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     by Dale Winslow

Dale Winslow has been an interpretive naturalist, wildlife and fisheries biologist, teacher, editor, publisher, writer, photographer and painter. She resides with her family on Vancouver Island, British Columbia and continues to be interested in pretty much everything.

She hopes one day to have her own microscope.

by Dale Winslow

"Dale Winslow's Tinderbox shows a sure, mature touch with words, and styles. Many of the poems herein blend symbolist style with contemporary rap: a rap without the theatrical ranting and bling. And from time to time one can hear or glimpse in the background an e e cummings, a John Skelton. Entertaining and thought-provoking.”

Eric McLuhan, author of Electric Language,The Role of Thunder in Finnegans Wake, and co-author with Marshall McLuhan of Laws of Media, and Media and Formal Cause.

Available in Hardcover and Paperback


ISBN  978-0-9892018-2-7
202 pages
5.5"x8.5" hardcover

To purchase this book in hardcover click HERE.


ISBN  978-0-9855577-9-9
202 pages
5.5"x8.5" perfect bound, paper

To purchase this book in paperback click HERE.



I ignite, like the drunkard’s match,
in exhausted alleyway at 2 a.m.
Burn my fingers on this fire
that strikes in hours deaf and blind.

I ignite, like winter kindling,
quickly and brightly as heavy scented cedar.
Rush of sap to open air, needle-rich,
heady release of earth and breath.

I burn, like birch bark,
written with welted words,
living pages of white set to flame,
these lines, smoke-signal reflections.
I burn,
and all that was, dissipates.

I burn, like ancient, peat bog fires,
memory, coiling and uncoiling,
a cryptic dance over moors.
I burn,
covering the moon with smoldering fingers.

I ignite.
I burn.
I ignite.

white noise from bukowski’s empty glass

begging in deviant pinned alleyways
the broken pastor weeps
for another hit
palms bleeding
licks sneers from passing sheep
backway motel hell
an overflowing ashtray
the model of past persuasion
oleander promises
traffic pale running
across the window
your eyes fixed
on the hollow left in the pillow
a holy ill-fated impression
of love’s forgotten scent
memory of taxi brakes
and jammed headlights, adulation
poor patron of abandoned breath
there are no miracles to wake the day
in the night, bread is broken
like the bones of a woman’s face
bruised blessings kissed
from a clenched fist
a religion that always
brings them to their knees
in tears
  in sweat
    in tongue
      in cum
        in blood
and splintered dreams
laughing Buddha
embraces the herds of dawn
and the world slouches carelessly
into forgotten corner bars


“Dale Winslow’s Tinderbox will ignite you. Her sensuous poems explode in an orgiastic word feast which communicates a waking dream convergence between women, nature, and truth. Winslow’s words hook you; you “reel them in real in them until you say O.” She conjures many varieties of “O” and “Oh” which encircle you within poetic sheer delight. Really!”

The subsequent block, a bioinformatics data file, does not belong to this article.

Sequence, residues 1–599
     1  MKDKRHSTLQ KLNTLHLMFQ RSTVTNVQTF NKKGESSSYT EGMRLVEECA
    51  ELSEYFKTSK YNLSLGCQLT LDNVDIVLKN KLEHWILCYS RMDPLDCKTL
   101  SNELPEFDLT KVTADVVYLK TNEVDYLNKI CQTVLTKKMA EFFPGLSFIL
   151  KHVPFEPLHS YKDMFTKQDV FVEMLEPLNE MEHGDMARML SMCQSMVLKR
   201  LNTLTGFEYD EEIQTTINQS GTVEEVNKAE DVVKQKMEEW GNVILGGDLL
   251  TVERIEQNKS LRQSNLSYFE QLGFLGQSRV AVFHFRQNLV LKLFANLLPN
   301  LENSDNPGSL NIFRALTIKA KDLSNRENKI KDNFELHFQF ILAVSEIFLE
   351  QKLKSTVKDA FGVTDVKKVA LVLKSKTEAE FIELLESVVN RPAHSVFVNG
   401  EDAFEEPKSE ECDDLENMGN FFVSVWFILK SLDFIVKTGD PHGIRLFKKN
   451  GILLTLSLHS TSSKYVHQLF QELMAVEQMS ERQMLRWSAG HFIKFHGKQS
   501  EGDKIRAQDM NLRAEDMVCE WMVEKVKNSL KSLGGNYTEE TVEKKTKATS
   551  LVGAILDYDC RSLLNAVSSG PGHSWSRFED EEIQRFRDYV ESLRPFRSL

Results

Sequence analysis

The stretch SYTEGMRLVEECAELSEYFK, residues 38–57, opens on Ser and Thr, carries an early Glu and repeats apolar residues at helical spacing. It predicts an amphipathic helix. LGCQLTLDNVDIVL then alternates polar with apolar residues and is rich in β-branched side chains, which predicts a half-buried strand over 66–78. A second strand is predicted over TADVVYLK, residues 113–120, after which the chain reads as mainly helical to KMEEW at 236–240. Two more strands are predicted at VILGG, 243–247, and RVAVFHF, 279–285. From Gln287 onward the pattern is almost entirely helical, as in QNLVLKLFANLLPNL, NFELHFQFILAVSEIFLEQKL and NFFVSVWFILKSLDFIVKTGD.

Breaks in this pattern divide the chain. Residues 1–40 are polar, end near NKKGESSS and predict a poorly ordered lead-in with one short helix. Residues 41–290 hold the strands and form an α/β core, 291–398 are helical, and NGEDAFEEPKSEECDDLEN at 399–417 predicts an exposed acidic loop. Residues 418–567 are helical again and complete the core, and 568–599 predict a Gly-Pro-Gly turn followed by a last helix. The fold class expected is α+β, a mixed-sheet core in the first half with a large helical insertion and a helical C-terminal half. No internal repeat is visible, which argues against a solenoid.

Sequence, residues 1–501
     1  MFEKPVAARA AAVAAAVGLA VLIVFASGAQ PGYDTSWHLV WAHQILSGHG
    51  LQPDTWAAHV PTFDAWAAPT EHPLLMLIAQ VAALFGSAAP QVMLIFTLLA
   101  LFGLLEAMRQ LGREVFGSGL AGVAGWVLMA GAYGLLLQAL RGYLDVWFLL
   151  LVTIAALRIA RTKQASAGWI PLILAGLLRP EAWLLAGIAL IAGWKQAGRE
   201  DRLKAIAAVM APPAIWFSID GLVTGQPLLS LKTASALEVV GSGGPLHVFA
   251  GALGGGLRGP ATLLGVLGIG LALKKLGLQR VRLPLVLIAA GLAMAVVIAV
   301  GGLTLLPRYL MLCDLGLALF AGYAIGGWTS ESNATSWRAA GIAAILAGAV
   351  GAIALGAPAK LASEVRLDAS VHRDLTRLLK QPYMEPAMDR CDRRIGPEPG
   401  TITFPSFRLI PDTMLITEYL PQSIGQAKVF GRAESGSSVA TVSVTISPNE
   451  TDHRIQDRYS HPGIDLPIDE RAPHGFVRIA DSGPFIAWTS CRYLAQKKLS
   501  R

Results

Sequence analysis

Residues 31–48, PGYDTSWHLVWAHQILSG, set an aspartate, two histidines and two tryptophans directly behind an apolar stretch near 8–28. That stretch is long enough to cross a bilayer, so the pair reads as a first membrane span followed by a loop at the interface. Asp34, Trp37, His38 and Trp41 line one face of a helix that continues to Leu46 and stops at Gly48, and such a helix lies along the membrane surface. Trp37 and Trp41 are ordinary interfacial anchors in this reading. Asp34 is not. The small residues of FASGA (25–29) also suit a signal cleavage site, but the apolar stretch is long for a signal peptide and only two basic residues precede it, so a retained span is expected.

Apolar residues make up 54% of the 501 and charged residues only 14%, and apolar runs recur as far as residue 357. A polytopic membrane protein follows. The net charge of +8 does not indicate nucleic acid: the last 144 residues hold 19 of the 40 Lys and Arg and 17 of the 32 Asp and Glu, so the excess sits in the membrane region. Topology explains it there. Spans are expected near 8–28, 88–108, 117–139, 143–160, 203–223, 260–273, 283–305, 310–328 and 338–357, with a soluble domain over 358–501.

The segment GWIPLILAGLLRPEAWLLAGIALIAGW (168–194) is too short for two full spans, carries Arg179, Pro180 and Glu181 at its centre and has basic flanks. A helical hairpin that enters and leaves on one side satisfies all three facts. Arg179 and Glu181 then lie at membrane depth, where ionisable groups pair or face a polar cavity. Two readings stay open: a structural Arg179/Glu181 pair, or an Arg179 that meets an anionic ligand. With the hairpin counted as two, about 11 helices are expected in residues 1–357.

Marleen S. Barr
, author of Genre Fission, Lost in Space, Feminist Fabulation, and the novel, Oy Pioneer!   

"These poems track truth as though it were some constantly morphing mythical creature leaping from one disguise to another until it is caught and stilled in its final form—wisdom. They are euphonious, sensual, full of surprises and highly engaging. They present the reader with ample opportunities to “commit pleasure crimes against the dying world."

Robert Priest,
poet, novelist, playwright, songwriter, performer

"A late evening's snifter of words - surprisingly ancient and very modern at the same time, personal and cosmic, even the typography dances - that gets to the deepest centers of your brain. Winslow is a welcome, major talent."

Paul Levinson
, author of The Plot to Save Socrates and Unburning Alexandria

"No container of flammable miniatures but rather a smoldering verbal inferno, blazing with the heat & light of Dale Winslow’s unflinching yet passionate gaze on all things great and small, “Tinderbox” addresses the most profound preoccupations of consciousness: love & loss, the natural & unnatural worlds (“broken temples of man”), &, most exquisitely perhaps, death (“the endangered void”). It should be no surprise, then, that to enter the world of “Tinderbox” is to enter the world itself in all of its felt drama -- illuminated, lamented, & celebrated by the voice of this “white noise Orpheus,” a voice both incendiary & generative, “curling/coiling/as a snake/on fire.”

Susan Lewis,
poet, editor